A 2022 forecast for sensors/MEMS amid Covid, by industry insiders


It gives me great pleasure to kick off 2022 with a forecast of technology and business trends for sensors/MEMS (Micro Electronic Mechanical Systems).  I am best known for my annual MEMS Industry Commercialization Report Card Market Study.

 available annually since 1998 as a critical assessment of the results of MEMS commercialization efforts for the previous year. With the help of my colleagues and co-contributors, we are now looking forward instead of back.

Contributors to this technology and business trends outlook represent the worldwide sensors/MEMS industry based on their industry role, extensive experience and knowledge. They are from China, Germany, Austria and the U.S.  The full spectrum of the industry is represented:  device/system design, infrastructure vis-à-vis wafer foundry, industry association and marketing/sales by me.

Especially poignant: we are still in the throes of the Covid Omicron virus pandemic and contributors have been asked to address potential impacts of the continuing virus. These insights are meant to assist industry managers in assessing their business strategies.   (Note: All comments have been lightly edited for clarity.)

Janusz Bryzek, Ph.D., executive chairman of Exo Imaging Inc. makers of MEMS-based medical diagnostic systems 

executive chair of Exo Systems

Over the last two decades, performance of thin-film piezo materials significantly improved and matched their crystalline version, improving ultrasound transmit efficiency and receive sensitivity. Multiple consumer applications emerged, including inkjet printers, gesture recognition, speakers, autofocus modules, fingerprint sensor, time of flight sensors, and others.

The 2022 ultrasound transducer market is estimated at about $4.7 billion, growing about 5.1% a year.  This market is served by a broad range of technologies. The newest ultrasound transducer is a piezoelectric micromachined ultrasonic transducer (pMUT), based on deposited piezoelectric layers on silicon MEMS wafers, a process that retains advantages of traditional discrete transducers with the benefits of integration.

For me, the most rewarding applications are medical to help bring healthcare abundance to all. The first handheld ultrasound imager based on pMUT will be introduced in 2022 by my company, Exo Imaging, creating an inflection point. The initial market will support the crowd of about 50 million medical professionals, reaching 1 billion consumers over time.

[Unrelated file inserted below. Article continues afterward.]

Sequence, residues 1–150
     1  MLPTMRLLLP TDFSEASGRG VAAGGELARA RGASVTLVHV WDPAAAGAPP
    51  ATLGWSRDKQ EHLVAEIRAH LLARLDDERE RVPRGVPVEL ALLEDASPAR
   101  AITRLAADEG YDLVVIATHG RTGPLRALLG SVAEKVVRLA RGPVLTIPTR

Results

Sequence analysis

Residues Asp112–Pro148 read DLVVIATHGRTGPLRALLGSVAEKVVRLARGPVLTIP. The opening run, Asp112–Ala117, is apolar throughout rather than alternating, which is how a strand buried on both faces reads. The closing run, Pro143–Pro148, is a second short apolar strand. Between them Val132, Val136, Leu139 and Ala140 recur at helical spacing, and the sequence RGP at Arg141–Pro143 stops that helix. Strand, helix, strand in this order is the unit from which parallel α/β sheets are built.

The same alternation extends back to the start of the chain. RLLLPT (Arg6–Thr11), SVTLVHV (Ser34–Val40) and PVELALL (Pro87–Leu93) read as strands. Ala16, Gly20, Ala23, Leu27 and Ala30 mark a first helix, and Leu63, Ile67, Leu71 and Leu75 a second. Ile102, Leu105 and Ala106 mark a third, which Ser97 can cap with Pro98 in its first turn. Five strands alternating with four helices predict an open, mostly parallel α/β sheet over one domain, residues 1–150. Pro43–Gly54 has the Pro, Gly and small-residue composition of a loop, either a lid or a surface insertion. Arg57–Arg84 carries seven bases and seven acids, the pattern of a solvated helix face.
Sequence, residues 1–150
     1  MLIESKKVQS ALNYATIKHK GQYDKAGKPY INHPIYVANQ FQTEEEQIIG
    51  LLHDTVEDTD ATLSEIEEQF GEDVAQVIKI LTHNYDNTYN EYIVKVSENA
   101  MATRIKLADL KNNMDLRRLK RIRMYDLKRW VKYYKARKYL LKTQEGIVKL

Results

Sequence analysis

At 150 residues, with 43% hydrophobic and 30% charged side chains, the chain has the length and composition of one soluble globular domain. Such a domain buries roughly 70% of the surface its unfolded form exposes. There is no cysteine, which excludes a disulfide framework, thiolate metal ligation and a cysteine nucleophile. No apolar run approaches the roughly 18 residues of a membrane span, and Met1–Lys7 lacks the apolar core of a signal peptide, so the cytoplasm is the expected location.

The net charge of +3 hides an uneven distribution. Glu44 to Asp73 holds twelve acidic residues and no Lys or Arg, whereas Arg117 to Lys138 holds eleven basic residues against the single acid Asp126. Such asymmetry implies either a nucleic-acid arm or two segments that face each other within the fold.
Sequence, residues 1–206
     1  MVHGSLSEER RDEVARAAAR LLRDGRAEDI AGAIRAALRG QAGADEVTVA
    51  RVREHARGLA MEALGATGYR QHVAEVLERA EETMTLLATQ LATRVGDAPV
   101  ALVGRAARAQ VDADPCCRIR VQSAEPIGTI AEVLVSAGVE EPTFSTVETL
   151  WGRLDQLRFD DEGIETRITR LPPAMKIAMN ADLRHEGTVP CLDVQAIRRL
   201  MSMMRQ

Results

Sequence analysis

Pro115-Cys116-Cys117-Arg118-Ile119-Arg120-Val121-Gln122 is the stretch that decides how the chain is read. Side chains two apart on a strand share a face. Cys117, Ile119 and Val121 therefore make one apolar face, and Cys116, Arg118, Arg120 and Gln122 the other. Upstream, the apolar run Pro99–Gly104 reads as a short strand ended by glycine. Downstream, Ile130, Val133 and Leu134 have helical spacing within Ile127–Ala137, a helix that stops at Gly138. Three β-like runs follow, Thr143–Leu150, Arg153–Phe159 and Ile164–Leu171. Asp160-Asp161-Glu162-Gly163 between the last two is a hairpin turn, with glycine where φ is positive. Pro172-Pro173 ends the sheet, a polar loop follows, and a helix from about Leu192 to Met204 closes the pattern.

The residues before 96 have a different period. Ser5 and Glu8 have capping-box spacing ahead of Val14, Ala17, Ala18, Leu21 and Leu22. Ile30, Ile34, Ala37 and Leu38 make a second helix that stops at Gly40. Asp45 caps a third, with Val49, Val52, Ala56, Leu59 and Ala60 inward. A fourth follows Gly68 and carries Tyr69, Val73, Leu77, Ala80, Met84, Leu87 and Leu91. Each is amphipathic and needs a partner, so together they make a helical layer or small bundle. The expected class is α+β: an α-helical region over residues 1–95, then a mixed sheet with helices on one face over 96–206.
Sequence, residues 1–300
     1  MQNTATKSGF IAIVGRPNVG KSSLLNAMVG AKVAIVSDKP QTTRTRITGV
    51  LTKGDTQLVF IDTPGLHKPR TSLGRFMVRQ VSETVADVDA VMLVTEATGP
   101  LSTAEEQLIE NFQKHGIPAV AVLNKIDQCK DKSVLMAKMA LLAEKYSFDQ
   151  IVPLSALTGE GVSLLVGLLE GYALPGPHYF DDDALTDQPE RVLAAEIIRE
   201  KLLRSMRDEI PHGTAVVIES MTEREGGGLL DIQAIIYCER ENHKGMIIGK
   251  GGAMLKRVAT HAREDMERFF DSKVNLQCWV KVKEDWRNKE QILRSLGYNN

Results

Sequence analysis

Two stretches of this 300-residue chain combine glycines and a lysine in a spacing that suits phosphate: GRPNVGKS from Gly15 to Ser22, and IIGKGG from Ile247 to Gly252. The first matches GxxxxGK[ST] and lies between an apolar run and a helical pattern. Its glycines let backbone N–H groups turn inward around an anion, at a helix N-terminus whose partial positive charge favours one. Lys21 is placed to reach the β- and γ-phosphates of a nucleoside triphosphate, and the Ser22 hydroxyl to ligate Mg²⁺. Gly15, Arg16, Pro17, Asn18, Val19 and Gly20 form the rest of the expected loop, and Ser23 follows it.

Kurt Petersen, Ph.D., member of Silicon Valley Band of Angels, venture capital angel investors  

member of Silicon Valley Band of Angels investors

Important novel, recent process capabilities commercialized only over the past 5 years will significantly transform the development of revolutionary, next generation MEMS products.  Today, high reliability, high volume production-capable, piezoelectric films (AIN and PZT) are fully commercially available in many foundries. These materials are already being used for microphones (Vesper), the first generation of MEMS speakers (USound), and ultrasonic imagers (eXo and Butterfly Networks). However, these are only the first wave of a new class of piezoelectric-actuated devices which will represent new families of MEMS products.

New production processes for glass wafers will also transform--maybe even our definition of--MEMS.  Very high-density TGVs (Through Glass Vias), glass/glass wafer level bonding, and glass wafer level optics are now commercially available and in limited volume production.  Using TGV and glass-glass bonding, Menlo Micro is in production with the newest generation of MEMS switches and maybe (finally) *the* first completely successful MEMS switch products. It is significant that these products are *ALL* glass, no silicon, thank you, a breakthrough in MEMS technology.

Other new production processes which will have powerful impact in the upcoming years are ultra-thin substrates (less than 50 micrometers), DRIE (Deep Reactive Ion Etching) etch-rates now greater than 50 micrometers per minute and future applications of the epi-seal process made famous by SiTime resonators.  It is a great time with ever-increasing MEMS process capabilities to be inventing and commercializing new MEMS products.

Lucy Huang, Ph.D., CEO of Hanking Electronics, a MEMS/Semiconductor silicon foundry